02/14/2011 3:00PM

Apprentice Pedroza taking time off after spill

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Bob Coglianese
Apprentice jockey Brian Pedroza will take at least one week off after suffering from general soreness following a spill Sunday at Aqueduct.

OZONE PARK, N.Y. – Brian Pedroza, the leading apprentice jockey at Aqueduct this winter, will take at least one week off after suffering from general soreness as a result of a spill Sunday at Aqueduct that included four horses and riders.

None of the other riders in the spill – Charlie Amaro, Nazario Alvarado, and Abel Lezcano – are expected to miss any time. Honor Ernesto, ridden by Amaro, suffered fatal injuries and had to be euthanized. The other three horses involved – Soft Parade, Trinity Warrior, and Rightuplynn’salley were not seriously hurt.

According to his agent, Steve Rushing, Pedroza on Monday was still a bit sore from the spill, most notably in his left calf. Rushing said Pedroza would not ride this week, and would likely not ride until Feb. 24 at the earliest.

Pedroza and his mount, Rightuplynn’salley, were unable to avoid Honor Ernesto, who under Amaro fell entering the far turn of Sunday’s ninth race for 3-year-old New York-bred maiden claimers. Honor Ernesto fractured both sesamoids in his right foreleg and suffered a collapsed left knee.

Trinity Warrior and Rightuplynn’salley could not avoid Honor Ernesto. It was unclear whether Soft Parade, ridden by Alvarado, fell over Honor Ernesto or if the horse unseated his rider in an attempt to avoid hitting the gelding.

Amaro and Pedroza were both taken by ambulance to Jamaica Hospital Medical Center where initial X-rays taken were negative for any fractures. Both jockeys were released late Sunday night.

Pedroza has 15 wins from 136 mounts this winter at Aqueduct, placing him seventh in the standings.

Deputy Daney eyeing Tom Fool

Winter time in New York and the living is easy for Deputy Daney, who for the second straight year shipped in from the Mid-Atlantic region to win a stakes race over the inner track. On Sunday, Deputy Daney led every step of the way under Sheldon Russell to win the $60,000 Always Run Lucky Stakes by 1 1/4 lengths over Temecula Creek.

A year ago, Deputy Daney won the Jimmy Winkfield Stakes, which at the time made him 3 for 3 in his career.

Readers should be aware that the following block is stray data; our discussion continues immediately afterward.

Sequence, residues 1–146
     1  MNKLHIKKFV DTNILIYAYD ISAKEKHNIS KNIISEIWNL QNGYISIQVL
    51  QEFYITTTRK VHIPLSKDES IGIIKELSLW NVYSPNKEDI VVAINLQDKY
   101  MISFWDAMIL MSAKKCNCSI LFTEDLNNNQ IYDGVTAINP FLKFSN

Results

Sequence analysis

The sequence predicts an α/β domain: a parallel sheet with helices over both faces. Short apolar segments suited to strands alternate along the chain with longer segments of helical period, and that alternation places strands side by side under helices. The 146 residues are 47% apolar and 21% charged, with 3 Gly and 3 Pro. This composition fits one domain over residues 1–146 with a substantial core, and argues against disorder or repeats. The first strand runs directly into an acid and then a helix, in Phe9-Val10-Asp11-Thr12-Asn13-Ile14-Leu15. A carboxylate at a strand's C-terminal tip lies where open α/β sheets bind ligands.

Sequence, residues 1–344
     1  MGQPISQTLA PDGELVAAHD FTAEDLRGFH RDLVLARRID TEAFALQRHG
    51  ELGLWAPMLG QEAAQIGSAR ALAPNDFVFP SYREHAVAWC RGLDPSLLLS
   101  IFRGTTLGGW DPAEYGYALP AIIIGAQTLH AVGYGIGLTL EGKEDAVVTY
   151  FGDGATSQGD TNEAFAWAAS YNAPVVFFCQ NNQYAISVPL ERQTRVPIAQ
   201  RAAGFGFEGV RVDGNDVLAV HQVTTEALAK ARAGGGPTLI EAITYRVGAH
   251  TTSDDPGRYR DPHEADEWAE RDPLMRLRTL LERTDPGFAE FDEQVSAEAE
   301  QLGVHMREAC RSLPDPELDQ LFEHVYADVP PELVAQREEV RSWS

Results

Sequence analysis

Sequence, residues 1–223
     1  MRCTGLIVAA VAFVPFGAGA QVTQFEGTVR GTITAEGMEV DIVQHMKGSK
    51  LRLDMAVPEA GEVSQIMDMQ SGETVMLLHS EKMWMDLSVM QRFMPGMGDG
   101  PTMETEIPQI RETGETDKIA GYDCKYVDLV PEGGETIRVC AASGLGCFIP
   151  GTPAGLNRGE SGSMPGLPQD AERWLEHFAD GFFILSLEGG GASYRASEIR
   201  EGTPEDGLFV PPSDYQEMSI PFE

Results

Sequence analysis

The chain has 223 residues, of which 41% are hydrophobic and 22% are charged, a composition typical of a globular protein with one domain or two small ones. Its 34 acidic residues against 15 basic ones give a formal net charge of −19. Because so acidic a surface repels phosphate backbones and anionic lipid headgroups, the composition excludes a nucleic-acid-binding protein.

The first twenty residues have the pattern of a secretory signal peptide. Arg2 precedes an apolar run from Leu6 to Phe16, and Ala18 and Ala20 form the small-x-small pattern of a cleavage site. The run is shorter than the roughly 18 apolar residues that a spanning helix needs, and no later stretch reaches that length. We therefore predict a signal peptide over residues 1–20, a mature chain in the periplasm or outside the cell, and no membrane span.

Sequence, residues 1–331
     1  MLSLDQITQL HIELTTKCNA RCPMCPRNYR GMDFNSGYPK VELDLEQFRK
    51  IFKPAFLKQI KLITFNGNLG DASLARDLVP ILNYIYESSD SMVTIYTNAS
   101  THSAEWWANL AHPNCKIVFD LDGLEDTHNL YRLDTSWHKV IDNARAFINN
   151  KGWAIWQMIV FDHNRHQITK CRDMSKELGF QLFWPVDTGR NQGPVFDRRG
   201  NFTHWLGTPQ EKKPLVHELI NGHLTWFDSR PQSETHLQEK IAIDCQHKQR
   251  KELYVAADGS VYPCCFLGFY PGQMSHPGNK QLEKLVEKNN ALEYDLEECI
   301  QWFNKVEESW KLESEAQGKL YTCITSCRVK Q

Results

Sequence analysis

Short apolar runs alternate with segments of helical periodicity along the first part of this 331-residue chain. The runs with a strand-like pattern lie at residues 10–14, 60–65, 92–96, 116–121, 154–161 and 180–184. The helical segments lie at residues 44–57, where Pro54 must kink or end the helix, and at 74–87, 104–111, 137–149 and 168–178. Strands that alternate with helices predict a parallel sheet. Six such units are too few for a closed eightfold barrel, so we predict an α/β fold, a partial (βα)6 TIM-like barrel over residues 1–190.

Deputy Daney’s success over the inner track is one reason his connections are eyeing a return visit for the Grade 3, $150,000 Tom Fool Handicap here March 5.

“That’s where we’re headed,” trainer Hugh McMahon said Monday from Laurel, where he is based. “There is a four-other-than [allowance] here, but I know it won’t go, so I’ve got to nominate him for that race and take another shot and see how it comes up.”

McMahon took a shot by claiming Deputy Daney for $25,000 from trainer Cathal Lynch on Jan. 7. McMahon had wanted to take the horse previously when he was entered for $15,000 on Dec. 15 but couldn’t convince any of his owners to put up the money. After Deputy Daney won by 11 lengths that day, McMahon again called some of his owners and got Danny Limongelli to go for the $25,000.

“Danny is one of those guys who is very supportive,” McMahon said. “He said ‘I’ll trust you if you think he’s a nice horse, let’s go get it.’ ”

McMahon said he was a little hesitant to claim a horse off Lynch “because you don’t usually improve one off him. The only time you can improve off somebody like him is if you jump in while they’re taking a shot.”

In Sunday’s race, Deputy Daney got clear after running fractions of 22.68 seconds and 45.16 before completing six furlongs in 1:09.74. He earned a 93 Beyer Speed Figure.

Inherit the Gold awaits Kings Point

Inherit the Gold, who won the Mr. International Stakes by three lengths on Jan. 26, was conspicuous by his absence from the entries for Thursday’s $60,000 G’Day Mate Stakes for New York-breds.

Trainer James Hooper said he was initially pointing his 5-year-old gelding to that race but realized that the two wins in two weeks last month exacted a toll on Inherit the Gold. Now, he will wait until March 12 to run the gelding in the $65,000 Kings Point Handicap.

“I thought he won the race fairly easy and I thought he was going to bounce off it good,” Hooper said, referring to the Mr. International. “A week later, he showed he was a tired horse. I decided he’s definitely a stakes horse, I’m going to treat him like a stakes horse. I picked out the Kings Point on March 12, and if he’s very competitive there or if I’m lucky enough to win it, I’d like to go to the Excelsior on April 2.”

The Excelsior is a Grade 3, $100,000 stakes race run over Aqueduct’s main track. Hooper is hoping that with the purse of that race reduced by $100,000 – it lost funding from the Breeders’ Cup – and with the race now moved off the undercard of the Wood Memorial, it could come up a light field.

◗ One horse who could be eying the Excelsior is Rodman, who on Friday makes his return to the races off a 14-month layoff in a $48,000 allowance race at six furlongs. It will be Rodman’s first start since he won the Grade 3 Queens County Handicap on Dec. 12, 2009. Among his five rivals is More Than a Reason, winner of the 2010 Queens County.

On Monday, Rodman worked four furlongs in 49.67 seconds over Belmont’s training track.